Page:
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Md. PMT study results expected to be available next year
By JONATHAN CRIBBS
ANNAPOLIS, Md. (May 24, 2016) — The results of an on-farm economic study into the state’s Phosphorous Management Tool should be available early next year, a state agriculture official said last week.
The study, which includes a series of farms spread across the state, is designed to examine the effects of the nutrient regulation’s economic impact on farms on a minimum of 1,000 acres.
The two-year study, which began in 2015, is expected to be released in the first two months of next year, said Hans Schmidt, an assistant secretary in the state agriculture department.
The study includes four farms using poultry litter — one that imports litter and three that are poultry and crop farms — and four others are dairy. Reimbursement for implementation costs for the first year have already been distributed to the farmers and data analysis is underway, Schmidt said at a meeting of the Nutrient Management Advisory Committee on May 17.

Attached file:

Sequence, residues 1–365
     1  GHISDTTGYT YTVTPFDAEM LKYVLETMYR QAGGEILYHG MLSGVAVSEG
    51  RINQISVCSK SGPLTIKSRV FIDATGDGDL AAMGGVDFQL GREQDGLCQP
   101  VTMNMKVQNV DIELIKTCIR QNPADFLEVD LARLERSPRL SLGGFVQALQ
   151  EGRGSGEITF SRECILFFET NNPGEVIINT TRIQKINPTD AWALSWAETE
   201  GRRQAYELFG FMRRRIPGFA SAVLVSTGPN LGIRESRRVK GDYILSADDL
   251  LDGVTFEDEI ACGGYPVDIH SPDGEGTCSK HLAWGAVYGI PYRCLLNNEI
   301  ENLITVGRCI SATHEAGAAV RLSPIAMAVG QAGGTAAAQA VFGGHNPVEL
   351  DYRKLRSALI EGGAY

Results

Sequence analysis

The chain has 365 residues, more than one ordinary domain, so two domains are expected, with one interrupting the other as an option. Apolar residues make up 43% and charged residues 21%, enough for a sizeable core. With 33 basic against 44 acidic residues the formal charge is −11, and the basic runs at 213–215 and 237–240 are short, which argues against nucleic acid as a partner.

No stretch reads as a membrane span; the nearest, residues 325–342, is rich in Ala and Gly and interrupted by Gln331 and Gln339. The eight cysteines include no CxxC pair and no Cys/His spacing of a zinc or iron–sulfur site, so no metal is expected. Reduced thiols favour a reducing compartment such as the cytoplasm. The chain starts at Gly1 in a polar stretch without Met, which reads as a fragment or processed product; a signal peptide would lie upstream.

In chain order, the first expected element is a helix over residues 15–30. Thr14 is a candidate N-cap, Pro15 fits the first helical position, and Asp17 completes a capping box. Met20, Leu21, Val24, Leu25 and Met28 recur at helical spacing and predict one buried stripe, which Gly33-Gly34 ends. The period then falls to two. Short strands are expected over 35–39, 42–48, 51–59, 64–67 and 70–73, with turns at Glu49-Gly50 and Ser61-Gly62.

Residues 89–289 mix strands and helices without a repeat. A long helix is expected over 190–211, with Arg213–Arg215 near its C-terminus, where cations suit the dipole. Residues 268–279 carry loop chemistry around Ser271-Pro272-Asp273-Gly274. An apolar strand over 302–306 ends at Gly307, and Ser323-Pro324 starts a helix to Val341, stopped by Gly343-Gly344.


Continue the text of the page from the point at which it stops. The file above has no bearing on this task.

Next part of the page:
The PMT is a risk assessment tool that applies to farms where soil phosphorous has a fertility index value of 150 or more, according to the state department.
The value is a measurement, determined with a soil test, of how much phosphorous is in the soil compared to what is needed to grow crops.
Excessive phosphorous can run off into nearby waterways and the Chesapeake Bay, leading to oxygen-sucking algae blooms and other issues that threaten Bay life.
Statewide soil tests revealed in March that 82 percent of farm fields tested to date won’t be impacted by new environmental regulations, which limit how much phosphorous or animal manure can be applied as fertilizer.
About 18 percent will require use of the PMT to evaluate risk and just 1 percent were immediately banned from applying phosphorous.